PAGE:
The truth about fan fiction

Fan fiction and the Internet have revolutionized literature.

Brian Reinken

I say fan fiction, you say — what? Not long ago, there was a powerful stigma that surrounded fan fiction. Its writers were stereotyped as bizarre and introverted, and its products were considered to be, well, pornographic. But there’s far more to fan fiction than meets the eye, and popular opinion may finally be changing.

From quizilla to fanpop, there are dozens of fan fiction websites. The largest and most recognizable, fanfiction.net, ranks as the 562nd most popular website in America. Relative to the population of other sites, an extremely high number of fanfiction.net users are women. A disproportionately high number of users are undergraduate students or lack a college education, reflecting the youth of the site’s audience.

So what’s the big deal? First of all, a huge number of stories have been written about every conceivable topic. That these stories’ concepts aren’t wholly original shouldn’t be a cause for concern. Some of the greatest authors in history — Virgil, Dante and Shakespeare, to name a few — have drawn inspiration from previously written stories. Fan fiction is just a way of keeping that tradition alive.

More importantly, the way we think about literature is being completely overhauled. Fan fiction is a perfectly competitive industry into which anyone, regardless of age, sex, or economic status, can enter and in which anyone can prosper. The Internet makes it possible to instantly share stories with anyone who’s online. Publishers and contracts can be eschewed, leveling the playing field. And of course, the stories written online have the potential to survive beyond their owners.

Ours, then, will be the first generation in history to have a durable literature written by the common individual. Until extremely recently, authors were predominantly rich, educated males with leisure time to write and enough money to be published. Books and written texts, expensive and rare until modern times, were transmitted and preserved only if they contained messages that would somehow benefit the status quo — the others were either forgotten or actively destroyed. This, combined with such narrow authorial qualifications, has stymied creative flow for centuries.

Fan fiction, for better or worse, will one day be studied alongside Homer and Dickens. The rise of cultural studies classes suggests a change in academic focus, but this is only the beginning. Historians will be able to look back on our time and see the interests of everyone, not just a select minority.

There are a few downsides to the proliferation of fan fiction, of course. The sheer quantity of stories online makes it difficult for any single text to stand out. Also, many of the texts are pornographic, which, when taken in conjunction with the availability of our writings to future historians, should make us all a little bit uncomfortable.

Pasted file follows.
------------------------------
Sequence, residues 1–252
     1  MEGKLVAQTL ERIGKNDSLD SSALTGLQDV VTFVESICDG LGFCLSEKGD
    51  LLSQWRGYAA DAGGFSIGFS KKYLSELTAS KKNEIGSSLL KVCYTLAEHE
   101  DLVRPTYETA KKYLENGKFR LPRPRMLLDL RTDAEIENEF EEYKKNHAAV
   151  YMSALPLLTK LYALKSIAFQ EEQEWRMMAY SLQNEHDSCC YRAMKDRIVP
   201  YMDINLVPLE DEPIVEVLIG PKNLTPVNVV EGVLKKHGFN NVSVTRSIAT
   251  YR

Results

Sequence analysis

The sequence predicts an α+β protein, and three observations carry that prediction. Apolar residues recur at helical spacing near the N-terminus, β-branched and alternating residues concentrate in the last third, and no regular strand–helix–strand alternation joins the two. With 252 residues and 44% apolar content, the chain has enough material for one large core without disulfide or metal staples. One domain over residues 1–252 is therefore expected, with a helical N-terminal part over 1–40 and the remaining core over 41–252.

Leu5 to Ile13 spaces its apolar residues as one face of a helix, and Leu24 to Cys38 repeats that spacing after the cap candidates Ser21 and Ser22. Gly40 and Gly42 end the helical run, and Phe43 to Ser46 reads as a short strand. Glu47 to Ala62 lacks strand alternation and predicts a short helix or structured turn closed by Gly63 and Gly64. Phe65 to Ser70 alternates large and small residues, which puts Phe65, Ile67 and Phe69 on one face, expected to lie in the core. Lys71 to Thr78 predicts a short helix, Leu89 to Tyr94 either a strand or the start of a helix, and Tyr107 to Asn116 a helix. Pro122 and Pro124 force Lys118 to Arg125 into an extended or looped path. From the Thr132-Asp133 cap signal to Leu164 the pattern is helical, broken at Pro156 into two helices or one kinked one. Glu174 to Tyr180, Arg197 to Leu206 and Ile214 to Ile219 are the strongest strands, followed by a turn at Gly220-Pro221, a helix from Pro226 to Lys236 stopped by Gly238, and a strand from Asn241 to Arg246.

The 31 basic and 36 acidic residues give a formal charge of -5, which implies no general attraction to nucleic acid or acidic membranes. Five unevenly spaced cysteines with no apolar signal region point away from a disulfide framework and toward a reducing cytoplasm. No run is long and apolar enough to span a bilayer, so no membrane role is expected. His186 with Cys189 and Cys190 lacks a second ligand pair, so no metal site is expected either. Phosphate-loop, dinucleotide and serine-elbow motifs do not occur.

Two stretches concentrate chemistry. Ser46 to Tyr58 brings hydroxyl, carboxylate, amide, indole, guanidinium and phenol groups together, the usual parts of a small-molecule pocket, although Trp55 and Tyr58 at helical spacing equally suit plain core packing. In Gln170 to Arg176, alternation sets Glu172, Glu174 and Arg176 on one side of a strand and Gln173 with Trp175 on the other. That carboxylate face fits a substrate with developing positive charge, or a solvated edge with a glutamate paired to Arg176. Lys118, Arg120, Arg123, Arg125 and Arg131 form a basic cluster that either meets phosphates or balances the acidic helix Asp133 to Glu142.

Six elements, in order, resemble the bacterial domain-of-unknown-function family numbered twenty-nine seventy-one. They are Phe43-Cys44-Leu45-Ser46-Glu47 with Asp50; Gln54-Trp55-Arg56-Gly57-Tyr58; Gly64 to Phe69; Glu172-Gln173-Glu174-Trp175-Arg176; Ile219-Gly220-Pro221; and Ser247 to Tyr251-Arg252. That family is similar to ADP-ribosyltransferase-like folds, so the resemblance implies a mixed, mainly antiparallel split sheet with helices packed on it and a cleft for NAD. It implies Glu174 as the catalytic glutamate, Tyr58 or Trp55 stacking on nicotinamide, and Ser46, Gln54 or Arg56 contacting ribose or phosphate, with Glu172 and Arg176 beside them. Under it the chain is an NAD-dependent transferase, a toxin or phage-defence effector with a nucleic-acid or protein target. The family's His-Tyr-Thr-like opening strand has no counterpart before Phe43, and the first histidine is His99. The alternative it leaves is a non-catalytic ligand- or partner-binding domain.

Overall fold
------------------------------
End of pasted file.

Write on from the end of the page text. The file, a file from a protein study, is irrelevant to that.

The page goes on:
Nevertheless, a few detriments should not outweigh the truly revolutionary nature of fan fiction, which is rewriting — pardon the pun — the books on literature. With such abrupt and significant changes, it’s difficult to predict how the field will look in 10, or even five, years.

Make no mistake: Fan fiction is becoming mainstream, and it isn’t going away any time soon. E.L. James’ “Fifty Shades” series was originally written as a fan fiction inspired by Stephenie Meyer’s “Twilight” franchise. When published as independent novels, the books shot to the top of best-seller lists in both the United States and the United Kingdom, where they stayed for months.

So what comes next? A film version of “Fifty Shades of Grey” is in pre-production, and fanfiction.net is home to literally millions of original titles. Thanks to movies like “The Dark Knight” and “The Avengers,” what was formerly considered to be the realm of the geek has been opened to everyone. Film, television and literature are beginning to blend, and it’s becoming increasingly difficult to distinguish between “high” and “low” art.

Societal trends have a startling inertia. When something begins to pick up speed, it can be difficult to make it stop. Fan fiction might not be a perfect art, but nothing ever has. For the moment, we should embrace and celebrate its accessibility and its potential. November is National Novel Writing Month. What better time to grab a pencil — or a laptop — and get to work on what just might become the next best thing?